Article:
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Design methodologies for next-gen IoT sensors

Posted: 06 Apr 2016     Print Version  Bookmark and Share

Keywords:Internet of Things  IoT  FRAM  battery  Flash 

The paradigm of 'big data' springs from an increasingly connected world through the rise of social media and business transactions. The prominence of the Internet of Things (IoT) will continue to strain the resources of the internet by a convergence of wireless sensor networks that generate massive amounts of data. It is projected that by the year 2020 there will be 20 billion devices connected to the internet with each individual having an average of 6.58 connected devices [1].

The IoT sensor backplane is increasingly expected to monitor the system under test on a real-time basis. This is true for IoT sensor solutions monitoring body area networks, safety and security solutions, industrial factory and process automation solutions, and building automation solutions to name a few. This gives rise to a new paradigm tied to the data collected by the connected devices, that of 'big data sensing.'

Big data sensing drives a rethinking of the way this data is managed. The concept of edge computing tries to address these issues by processing the data at the point where the connected device uploads the data to the network. This fails to consider the system as a whole where in addition to minimising the amount of data on the network, the overall power consumption of the wireless sensor network needs to be minimised in order to maintain acceptable battery life. In industrial IoT solutions for example, battery life of 10 years is typically expected for the connected device. Requiring the connected device to stream data real time to the network drives resources from the end node, which reduces the battery life of the device.

A more power efficient approach would be to process the data at the point of collection. Here, the IoT sensor will have to act autonomously from the gateway, initiate data collection on statistically significant events, operate with minimal power consumption, drive efficient means of extracting data, and only initiate transfer of data under instances deemed to be statistically significant. Minimising the occurrence of these data transfer events to the gateway reduces the amount of allocated resources by the network and leads to the most efficient solution. In this article, we take a holistic view of the IoT sensor solution and discuss design methodologies that address the system and module requirements which enable the connected device to operate autonomously with the lowest power consumption for real-time monitoring of the system under test.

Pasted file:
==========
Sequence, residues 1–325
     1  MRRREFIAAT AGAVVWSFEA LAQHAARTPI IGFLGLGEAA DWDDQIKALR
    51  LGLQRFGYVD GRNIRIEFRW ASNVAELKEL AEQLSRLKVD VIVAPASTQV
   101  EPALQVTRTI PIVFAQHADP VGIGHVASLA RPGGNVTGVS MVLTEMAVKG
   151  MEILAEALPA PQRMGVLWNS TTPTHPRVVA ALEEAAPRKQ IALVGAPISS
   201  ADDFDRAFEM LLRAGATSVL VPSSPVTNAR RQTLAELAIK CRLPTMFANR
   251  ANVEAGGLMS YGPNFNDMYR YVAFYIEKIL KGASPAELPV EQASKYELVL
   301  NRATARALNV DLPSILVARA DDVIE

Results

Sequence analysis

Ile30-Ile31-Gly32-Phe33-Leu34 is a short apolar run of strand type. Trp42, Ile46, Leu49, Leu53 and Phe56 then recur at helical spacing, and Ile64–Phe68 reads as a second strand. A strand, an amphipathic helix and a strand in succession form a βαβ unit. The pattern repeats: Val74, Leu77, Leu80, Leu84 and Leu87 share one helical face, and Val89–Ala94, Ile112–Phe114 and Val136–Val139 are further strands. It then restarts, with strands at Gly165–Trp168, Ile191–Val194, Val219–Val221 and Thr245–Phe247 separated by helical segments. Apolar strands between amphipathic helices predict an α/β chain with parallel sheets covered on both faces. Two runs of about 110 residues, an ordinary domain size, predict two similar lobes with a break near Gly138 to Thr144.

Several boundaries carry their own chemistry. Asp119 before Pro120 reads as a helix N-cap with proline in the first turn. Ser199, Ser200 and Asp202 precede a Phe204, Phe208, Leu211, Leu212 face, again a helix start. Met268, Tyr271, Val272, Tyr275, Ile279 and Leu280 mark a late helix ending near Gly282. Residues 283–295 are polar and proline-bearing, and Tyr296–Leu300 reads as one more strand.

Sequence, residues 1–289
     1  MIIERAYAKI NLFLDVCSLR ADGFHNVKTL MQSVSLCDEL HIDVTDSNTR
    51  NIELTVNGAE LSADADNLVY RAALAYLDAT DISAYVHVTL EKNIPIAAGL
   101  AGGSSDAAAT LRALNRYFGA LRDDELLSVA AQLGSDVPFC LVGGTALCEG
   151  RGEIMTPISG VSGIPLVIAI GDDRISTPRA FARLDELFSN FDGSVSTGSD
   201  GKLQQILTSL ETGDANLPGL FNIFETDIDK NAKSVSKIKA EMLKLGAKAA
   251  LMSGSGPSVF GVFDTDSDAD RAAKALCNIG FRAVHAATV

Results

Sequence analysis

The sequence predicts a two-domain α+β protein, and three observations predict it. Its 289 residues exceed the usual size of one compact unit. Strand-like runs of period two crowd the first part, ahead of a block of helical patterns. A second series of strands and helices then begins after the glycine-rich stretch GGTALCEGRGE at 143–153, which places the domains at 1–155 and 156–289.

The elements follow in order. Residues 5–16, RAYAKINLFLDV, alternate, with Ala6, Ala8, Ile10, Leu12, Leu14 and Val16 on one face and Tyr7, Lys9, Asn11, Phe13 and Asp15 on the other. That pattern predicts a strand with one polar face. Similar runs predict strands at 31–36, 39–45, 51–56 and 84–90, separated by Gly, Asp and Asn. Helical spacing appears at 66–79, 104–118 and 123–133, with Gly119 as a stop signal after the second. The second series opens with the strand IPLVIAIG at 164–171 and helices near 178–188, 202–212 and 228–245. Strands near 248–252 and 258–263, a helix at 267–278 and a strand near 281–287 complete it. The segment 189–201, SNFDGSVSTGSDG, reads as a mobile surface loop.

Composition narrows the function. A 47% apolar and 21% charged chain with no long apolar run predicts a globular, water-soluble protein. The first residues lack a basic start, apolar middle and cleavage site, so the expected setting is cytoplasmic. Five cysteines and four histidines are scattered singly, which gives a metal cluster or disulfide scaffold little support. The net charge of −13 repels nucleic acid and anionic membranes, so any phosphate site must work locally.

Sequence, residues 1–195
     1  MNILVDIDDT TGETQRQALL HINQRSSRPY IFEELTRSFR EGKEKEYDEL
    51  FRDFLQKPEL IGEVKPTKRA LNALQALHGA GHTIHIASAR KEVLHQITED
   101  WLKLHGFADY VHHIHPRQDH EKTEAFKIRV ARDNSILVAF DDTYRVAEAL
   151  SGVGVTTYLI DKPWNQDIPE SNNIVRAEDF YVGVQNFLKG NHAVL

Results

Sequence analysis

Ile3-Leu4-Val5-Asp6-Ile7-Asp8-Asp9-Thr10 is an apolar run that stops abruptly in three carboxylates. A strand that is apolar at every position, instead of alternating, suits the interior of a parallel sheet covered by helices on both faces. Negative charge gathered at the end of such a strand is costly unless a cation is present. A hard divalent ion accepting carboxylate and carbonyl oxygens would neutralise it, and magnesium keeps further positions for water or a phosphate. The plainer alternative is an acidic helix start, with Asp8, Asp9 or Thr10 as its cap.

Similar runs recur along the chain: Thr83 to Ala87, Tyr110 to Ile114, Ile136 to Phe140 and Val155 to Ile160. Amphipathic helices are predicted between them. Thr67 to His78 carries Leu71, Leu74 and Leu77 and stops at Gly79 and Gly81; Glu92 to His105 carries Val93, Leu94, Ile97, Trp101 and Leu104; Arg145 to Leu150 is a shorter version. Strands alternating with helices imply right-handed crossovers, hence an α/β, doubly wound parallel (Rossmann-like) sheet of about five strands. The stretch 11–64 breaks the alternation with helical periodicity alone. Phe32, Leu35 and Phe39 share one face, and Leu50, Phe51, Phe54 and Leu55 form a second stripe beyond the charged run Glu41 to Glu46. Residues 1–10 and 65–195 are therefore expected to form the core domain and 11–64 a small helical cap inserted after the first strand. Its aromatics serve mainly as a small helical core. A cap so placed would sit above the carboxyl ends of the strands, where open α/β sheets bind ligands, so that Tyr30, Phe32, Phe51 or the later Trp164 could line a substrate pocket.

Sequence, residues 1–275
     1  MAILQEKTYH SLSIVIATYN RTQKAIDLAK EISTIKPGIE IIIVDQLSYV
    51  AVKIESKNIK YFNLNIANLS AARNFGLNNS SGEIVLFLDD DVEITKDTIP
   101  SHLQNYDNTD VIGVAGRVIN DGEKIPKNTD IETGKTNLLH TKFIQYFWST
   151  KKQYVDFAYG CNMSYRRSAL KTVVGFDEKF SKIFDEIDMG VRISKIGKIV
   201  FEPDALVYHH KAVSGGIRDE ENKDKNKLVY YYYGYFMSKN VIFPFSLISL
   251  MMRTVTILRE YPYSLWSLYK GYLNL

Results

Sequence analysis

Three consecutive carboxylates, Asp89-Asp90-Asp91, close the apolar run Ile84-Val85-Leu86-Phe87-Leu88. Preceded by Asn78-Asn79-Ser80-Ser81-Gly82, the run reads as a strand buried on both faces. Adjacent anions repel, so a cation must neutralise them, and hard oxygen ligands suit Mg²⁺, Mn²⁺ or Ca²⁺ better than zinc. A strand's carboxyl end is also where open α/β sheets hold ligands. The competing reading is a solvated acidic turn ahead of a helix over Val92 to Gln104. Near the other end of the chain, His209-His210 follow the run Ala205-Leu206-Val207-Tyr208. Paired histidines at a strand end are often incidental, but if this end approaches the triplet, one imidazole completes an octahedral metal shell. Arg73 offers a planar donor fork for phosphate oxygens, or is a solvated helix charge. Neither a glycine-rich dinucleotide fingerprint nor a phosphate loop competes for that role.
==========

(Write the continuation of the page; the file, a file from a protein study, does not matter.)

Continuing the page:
Connected device power efficiency
We begin by analysing the power efficiency of a typical connected device in an industrial application. The device wirelessly monitors flow of liquid in a typical industrial process control solution. The block diagram shown in figure 1 consists of a low power microcontroller for processing of the data and resource management, an RF transceiver, a data logger, sensing module and an LCD display. Using a sub-system energy consumption model, the total energy consumed by the connected device is given by the following equation:

ETot = EMCU total + Esensor + Elisten + Et + Er + Esleep + Eswitch + ELCD (Eqn 1)

where EMCU total represents the total energy consumed by the microcontroller during active and sleep modes, Esensor represents the energy consumed during sensing and ELCD is the energy consumed by the display. The overall energy consumption during RF communication is the sum of the energy required during transmission (Et) , the energy required to receive data from the gateway or adjacent nodes (Er) , the switching energy going from idle and active states (Eswitch) and the listening energy and energy required to resolve anti-collision during transmissions (Elisten). The IEEE 802.15.4 standard [2] MAC and PHY layers call for a standard CSMA (carrier sense multiple access) procedure for resolving anti-collisions. For this analysis we only consider the RF energy consumption associated with the MAC and PHY layer and do not account for additional overhead driven by the upper OSI layers of the RF protocol. In addition, we do not account for beacon events called out in the MAC layer.

Figure 1: Industrial Flow Meter block diagram (Source: Texas Instruments).

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